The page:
If Beyonce ‘Politicized’ the Superbowl, So Did Lady Gaga

By Gar Smith

Some people (OK, some older, white Republican men) have been complaining that Beyonce “injected politics into a sports event.” (Actually the message seemed to be less about politics and more about social repression, government indifference and in-your-face racial pride. Consider the lyrics: “I like my baby hair, with baby hair and Afros. I like my negro nose with Jackson Five nostrils.”)

On Monday’s Fox & Friends, former New York City Mayor Rudolph Giuliani criticized Beyonce’s black activism as inappropriate for a halftime show because, as the former mayor explained, half-time shows are a time when performers are supposed to be “talking to Middle America.” (Read: “White.”) The former mayor confessed that he would have preferred “decent wholesome entertainment.”

“I thought it was really outrageous that she used [the half-time show] as a platform to attack police officers who are the people who protect her and protect us, and keep us alive,” said Giuliani.

Of course, neither the song’s lyrics nor the singer’s energetic twerking addressed the specific and abiding problem of police brutality and killings.

And yet, amidst all the hoopla about Beyonce’s performance, I haven’t heard anyone complaining about Lady Gaga’s powerhouse rendition of the Star Spangled Banner. The lyrics of this tune clearly constitute a major example of injecting “politics into a sporting event” – in this case a full-out celebration of war. (The US is the only country on Earth with a national anthem that contains the words “rockets” and “bombs.”)

To underscore the political message of this Half-Time kick-off event, Gaga’s stint began with a close-up of a line of soldiers holding wall of military flags as the announcer intoned: “And now, to honor America – and perform our national anthem – please welcome … Lady Gaga.” (Note: Placing “honor” before “performance” was a way of signaling that the musical event was intended as a stand-in for a collective “pledge of allegiance.”)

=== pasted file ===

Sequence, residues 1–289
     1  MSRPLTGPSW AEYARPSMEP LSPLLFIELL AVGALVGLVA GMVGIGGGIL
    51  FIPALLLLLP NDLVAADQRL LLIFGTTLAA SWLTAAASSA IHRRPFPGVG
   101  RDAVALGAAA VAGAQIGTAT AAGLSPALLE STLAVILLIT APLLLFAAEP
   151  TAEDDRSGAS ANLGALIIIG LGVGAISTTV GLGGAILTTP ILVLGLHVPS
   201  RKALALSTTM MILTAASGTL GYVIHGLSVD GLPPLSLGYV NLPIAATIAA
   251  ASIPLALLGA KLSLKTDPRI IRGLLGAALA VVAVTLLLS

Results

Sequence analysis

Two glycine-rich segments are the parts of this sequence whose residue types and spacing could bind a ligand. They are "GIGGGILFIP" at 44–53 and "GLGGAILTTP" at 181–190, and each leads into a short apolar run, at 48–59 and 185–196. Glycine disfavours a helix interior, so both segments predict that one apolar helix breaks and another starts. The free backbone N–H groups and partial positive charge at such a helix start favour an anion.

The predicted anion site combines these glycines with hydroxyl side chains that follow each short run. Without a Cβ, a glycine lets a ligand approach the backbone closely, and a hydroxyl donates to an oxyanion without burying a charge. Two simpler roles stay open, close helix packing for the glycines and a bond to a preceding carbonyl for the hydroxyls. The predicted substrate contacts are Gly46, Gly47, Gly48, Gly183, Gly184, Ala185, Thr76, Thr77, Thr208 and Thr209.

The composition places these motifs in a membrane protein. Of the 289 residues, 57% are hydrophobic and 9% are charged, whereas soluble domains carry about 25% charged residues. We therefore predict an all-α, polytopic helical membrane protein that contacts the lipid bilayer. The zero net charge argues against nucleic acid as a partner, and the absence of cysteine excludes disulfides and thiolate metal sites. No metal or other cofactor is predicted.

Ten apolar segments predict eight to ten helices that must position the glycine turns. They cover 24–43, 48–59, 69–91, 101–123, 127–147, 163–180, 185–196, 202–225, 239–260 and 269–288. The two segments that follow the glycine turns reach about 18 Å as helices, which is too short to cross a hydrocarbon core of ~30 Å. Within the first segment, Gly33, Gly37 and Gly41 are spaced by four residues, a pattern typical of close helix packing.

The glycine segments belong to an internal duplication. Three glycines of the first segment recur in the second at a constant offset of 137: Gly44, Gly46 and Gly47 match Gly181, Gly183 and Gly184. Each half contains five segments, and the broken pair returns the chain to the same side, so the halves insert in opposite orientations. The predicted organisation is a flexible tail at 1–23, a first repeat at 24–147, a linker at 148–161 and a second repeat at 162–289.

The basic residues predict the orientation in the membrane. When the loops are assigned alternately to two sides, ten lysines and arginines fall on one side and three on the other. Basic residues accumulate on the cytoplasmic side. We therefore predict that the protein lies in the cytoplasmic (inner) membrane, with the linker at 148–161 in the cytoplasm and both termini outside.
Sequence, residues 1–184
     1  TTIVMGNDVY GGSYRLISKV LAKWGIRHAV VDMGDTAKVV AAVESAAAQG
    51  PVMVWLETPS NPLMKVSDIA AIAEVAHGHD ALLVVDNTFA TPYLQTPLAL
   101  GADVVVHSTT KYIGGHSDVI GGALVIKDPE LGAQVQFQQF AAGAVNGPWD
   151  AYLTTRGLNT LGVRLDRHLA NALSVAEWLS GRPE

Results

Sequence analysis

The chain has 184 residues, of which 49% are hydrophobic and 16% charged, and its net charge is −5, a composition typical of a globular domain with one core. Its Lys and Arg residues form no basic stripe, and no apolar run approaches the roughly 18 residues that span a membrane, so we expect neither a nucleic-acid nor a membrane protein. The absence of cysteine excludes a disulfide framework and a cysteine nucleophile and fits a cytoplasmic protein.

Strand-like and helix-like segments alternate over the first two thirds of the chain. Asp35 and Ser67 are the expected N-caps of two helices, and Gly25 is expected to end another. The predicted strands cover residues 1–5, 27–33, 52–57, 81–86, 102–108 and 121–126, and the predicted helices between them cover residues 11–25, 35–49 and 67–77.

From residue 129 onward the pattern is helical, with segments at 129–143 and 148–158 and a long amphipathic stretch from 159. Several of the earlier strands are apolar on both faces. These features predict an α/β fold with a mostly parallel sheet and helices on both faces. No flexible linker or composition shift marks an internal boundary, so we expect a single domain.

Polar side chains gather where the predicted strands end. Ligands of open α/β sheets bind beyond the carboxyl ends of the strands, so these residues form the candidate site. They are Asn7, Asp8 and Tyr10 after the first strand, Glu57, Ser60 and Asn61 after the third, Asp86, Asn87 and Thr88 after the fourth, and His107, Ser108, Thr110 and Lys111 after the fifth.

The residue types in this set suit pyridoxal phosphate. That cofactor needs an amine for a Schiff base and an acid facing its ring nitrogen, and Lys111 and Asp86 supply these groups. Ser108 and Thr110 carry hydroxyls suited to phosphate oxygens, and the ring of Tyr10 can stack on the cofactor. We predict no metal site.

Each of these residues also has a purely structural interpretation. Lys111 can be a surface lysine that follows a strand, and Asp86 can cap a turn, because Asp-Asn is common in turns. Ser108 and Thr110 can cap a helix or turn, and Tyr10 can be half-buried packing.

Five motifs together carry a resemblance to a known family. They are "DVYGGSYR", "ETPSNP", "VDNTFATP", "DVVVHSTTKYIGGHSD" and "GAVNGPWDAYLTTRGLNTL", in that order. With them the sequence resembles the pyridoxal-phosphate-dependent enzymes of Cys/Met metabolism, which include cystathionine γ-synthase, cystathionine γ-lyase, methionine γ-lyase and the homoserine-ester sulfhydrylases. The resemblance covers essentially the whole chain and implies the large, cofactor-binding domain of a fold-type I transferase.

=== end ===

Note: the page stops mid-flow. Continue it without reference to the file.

Lady Gaga went on to perform the song in front of a massive American flag that covered more than 30 yards of the midfield and required at least 56 people to hold it in place.

From the start of the video clip to Gaga’s last note consumes about 2:48 minutes. Nearly one-quarter of the clip was saturated with pro-military imagery, including: military standard bearers, a close-up of a saluting marine, a live scene of US troops standing at attention and saluting inside a building in some unnamed foreign country currently occupied by US troops, a close-up of a military drum pounding as Gaga reached her crescendo and, finally, a smoke-trailing fly-over by a half-dozen F/A-18 fighter jets in Blue Angel formation.

At this point, the announcer could have offered a the following public service message: “The US Department of Health and Human Services has asked us to advise you that the Blue Angels jets are powered by JP-5 propellant, a refined kerosene product that contains known carcinogens that can damage the kidney, liver and immune system.”

The announcer might also have informed the crowd that: “Each Blue Angels jet burns 1,200 gallons of jet fuel per hour. At a cost of $10.32 per gallon, flying a team of six jets for an hour of preparation and a few brief seconds of intense fly-over entertainment costs taxpayers more than $74,300.”

Instead, the announcer offered the following (arguably politicized) salutation:

“Thanks to those sailors and marines and our troops serving around the globe.”

So if spectators watching from inside the Bowl—or at home over a bowl of nachos—thought Beyonce’s brigades of beret-wearing, clenched-fist-and-booty shaking backup dancers were too “political,” let’s just agree to call it “equal time.”

There were two teams vying for the crowd’s loyalty on the midfield on Sunday. On one side, the entire military-industrial-sports-infotainment complex. On the other side, a bunch of lithe and limber uppity women with a fractured message: We may dress and dance like sluts but we are the vanguard of a social revolution that, after decades of decline, is beginning to recover its voice.

Postscript:At the time of this writing, the Formation video was not publically available. Here is a link to the video. Discuss.

https://www.youtube.com/watch?v=LrCHz1gwzTo

Postscrpt #2: I’ve tracked down what appears to be the lyrics to Beyonce’s Superbowl anthem—and there is little here that can be described as “political.” There also is very little about racial pride. The lyrics are mostly boastful, arrogant and vulgar.

When, for example, Beyonce sings “I go hard, Get what’s mine, take what’s mine, I’m a star, I’m a star, Cause I slay,” it sounds like she’s channeling Trump, Kissinger ,or the Koch Brothers.

2 Responses

  1. Good piece, you had me until the last paragraph and post scipts. Which were unnecessary to the message of the article and came across as misogynistic, to say the least.

Leave a Reply

Your email address will not be published.

Translate To Any Language